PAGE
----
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September 13, 2011

Critics Challenge AT&T's Response to Government Lawsuit on Proposed T-Mobile Acquisition

By Ed Silverstein, TMCnet Contributor

AT&T’s (News - Alert) lawyers recently filed a response to the U.S. Justice Department's lawsuit trying to stop the company from purchasing T-Mobile – which in turn has launched a new round of skepticism about the deal.

In its legal statement, AT&T argued that the Justice Department is wrong that the merger – which would create the largest wireless company in the United States – would lead to a monopoly that would hurt consumers by increasing prices.

“The complaint largely ignores the significant competition from established providers such as Verizon Wireless and Sprint, innovative upstarts such as MetroPCS and Leap/Cricket, and strong regional providers like US Cellular and Cellular South (News - Alert), among others,” according to the AT&T legal document.

“The Department does not and cannot explain how, in the face of all of these aggressive rivals, the combined AT&T/T-Mobile (News - Alert) will have any ability or incentive to restrict output, raise prices, or slow innovation,” according to the AT&T response. “Nor can it explain how T-Mobile, the only major carrier to have actually lost subscribers in a robustly growing market, provides a unique competitive constraint on AT&T.”

TMCnet recently cited comments from top federal lawyers warning about the dangers of the acquisition.

“The combination of AT&T and T-Mobile would result in tens of millions of consumers all across the United States facing higher prices, fewer choices and lower quality products for mobile wireless services,” U.S. Deputy Attorney General James M. Cole said. “Consumers across the country, including those in rural areas and those with lower incomes, benefit from competition among the nation's wireless carriers, particularly the four remaining national carriers. This lawsuit seeks to ensure that everyone can continue to receive the benefits of that competition.”

“T-Mobile has been an important source of competition among the national carriers, including through innovation and quality enhancements such as the roll-out of the first nationwide high-speed data network,” added Sharis A. Pozen, acting assistant attorney general in charge of the Department of Justice's Antitrust Division. “Unless this merger is blocked, competition and innovation will be reduced, and consumers will suffer.”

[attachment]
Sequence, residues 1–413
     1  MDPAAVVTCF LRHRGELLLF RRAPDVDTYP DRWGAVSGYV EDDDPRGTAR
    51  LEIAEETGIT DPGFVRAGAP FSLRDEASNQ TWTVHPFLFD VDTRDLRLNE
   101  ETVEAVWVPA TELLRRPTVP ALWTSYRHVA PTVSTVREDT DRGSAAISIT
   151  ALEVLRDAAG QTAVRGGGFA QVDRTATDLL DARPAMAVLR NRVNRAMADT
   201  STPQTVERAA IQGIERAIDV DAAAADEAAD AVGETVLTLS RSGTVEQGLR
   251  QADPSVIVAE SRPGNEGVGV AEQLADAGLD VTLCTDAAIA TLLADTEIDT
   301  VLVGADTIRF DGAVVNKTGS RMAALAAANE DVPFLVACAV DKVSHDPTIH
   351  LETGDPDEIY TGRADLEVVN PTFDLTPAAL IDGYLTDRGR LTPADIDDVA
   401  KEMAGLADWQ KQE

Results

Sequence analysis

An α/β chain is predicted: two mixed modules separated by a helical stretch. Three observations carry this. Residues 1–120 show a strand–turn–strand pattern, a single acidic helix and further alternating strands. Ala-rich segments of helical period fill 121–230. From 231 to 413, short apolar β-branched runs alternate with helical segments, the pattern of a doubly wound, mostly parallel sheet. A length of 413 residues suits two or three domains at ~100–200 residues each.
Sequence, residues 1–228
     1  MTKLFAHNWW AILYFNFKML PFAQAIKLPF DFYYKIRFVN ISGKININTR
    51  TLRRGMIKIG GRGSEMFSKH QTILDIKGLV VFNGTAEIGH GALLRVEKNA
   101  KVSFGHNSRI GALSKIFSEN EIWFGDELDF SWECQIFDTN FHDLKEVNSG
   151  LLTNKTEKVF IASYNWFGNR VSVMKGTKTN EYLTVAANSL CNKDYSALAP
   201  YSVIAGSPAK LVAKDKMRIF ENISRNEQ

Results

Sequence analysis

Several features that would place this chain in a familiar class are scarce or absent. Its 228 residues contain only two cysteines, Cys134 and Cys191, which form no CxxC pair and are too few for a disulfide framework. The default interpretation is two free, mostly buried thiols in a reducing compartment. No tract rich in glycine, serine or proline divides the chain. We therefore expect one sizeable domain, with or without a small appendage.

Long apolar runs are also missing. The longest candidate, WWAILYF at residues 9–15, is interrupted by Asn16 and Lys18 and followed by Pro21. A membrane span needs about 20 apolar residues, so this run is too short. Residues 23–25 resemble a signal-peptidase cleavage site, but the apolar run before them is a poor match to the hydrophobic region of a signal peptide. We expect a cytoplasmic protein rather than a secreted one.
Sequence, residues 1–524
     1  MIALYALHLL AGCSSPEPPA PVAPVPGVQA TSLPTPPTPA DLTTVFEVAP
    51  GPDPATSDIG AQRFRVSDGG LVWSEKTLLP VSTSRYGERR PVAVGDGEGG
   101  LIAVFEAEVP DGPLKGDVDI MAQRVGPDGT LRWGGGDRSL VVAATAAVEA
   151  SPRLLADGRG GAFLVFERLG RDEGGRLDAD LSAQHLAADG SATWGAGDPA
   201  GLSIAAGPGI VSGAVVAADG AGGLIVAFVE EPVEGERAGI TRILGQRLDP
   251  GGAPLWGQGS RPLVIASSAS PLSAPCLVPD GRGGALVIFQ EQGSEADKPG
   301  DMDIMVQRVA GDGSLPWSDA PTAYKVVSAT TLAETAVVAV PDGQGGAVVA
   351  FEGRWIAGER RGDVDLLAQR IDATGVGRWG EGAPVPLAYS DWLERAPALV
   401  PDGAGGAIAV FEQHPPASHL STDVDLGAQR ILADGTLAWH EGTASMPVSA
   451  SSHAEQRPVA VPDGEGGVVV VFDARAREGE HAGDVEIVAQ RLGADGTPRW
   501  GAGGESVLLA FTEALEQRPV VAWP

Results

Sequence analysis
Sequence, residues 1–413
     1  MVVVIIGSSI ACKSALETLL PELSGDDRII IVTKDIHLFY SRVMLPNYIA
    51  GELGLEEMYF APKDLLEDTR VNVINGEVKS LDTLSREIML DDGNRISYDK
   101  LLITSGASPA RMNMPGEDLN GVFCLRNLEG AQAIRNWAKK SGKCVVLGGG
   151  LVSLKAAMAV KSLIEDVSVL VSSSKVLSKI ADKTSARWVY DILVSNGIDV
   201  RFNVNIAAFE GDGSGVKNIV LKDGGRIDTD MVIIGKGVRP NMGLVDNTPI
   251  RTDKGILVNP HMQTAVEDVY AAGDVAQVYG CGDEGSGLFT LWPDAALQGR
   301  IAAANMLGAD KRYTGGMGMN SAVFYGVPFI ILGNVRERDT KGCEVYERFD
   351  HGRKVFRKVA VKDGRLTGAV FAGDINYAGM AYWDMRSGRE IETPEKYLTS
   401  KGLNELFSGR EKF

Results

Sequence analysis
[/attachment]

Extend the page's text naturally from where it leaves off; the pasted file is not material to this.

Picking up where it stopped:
But reported that AT&T argued – in its response – that “the transfer of T-Mobile’s network capacity and infrastructure to AT&T, a healthy competitor, will enhance competition for all, now and in the future.”

If AT&T fails to get approval for the T-Mobile acquisition, it will be forced to pay current T-Mobile owner Deutsche Telekom (News - Alert) $3 billion and also hand over spectrum to the company, added. 

In his analysis of the proposed deal, Jason Mick writing on a Daily Tech blog, said that “AT&T is fighting hard to save the deal that would have granted it a monopoly.”

“AT&T phrasing makes it clear that it acknowledges the possibility that competition may be reduced, prices may rise, and coordination may occur,” Mick said about the legal response. “It's just using clever legal language to try to make it sound otherwise.”

He claimed that the AT&T response is also “full of disingenuous wording, feigned ignorance, [and] misleading claims” and predicts the Justice Department will spend millions of dollars “to try to fight AT&T's legal team.”

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Ed Silverstein is a TMCnet contributor. To read more of his articles, please visit his columnist page.

Edited by Jennifer Russell
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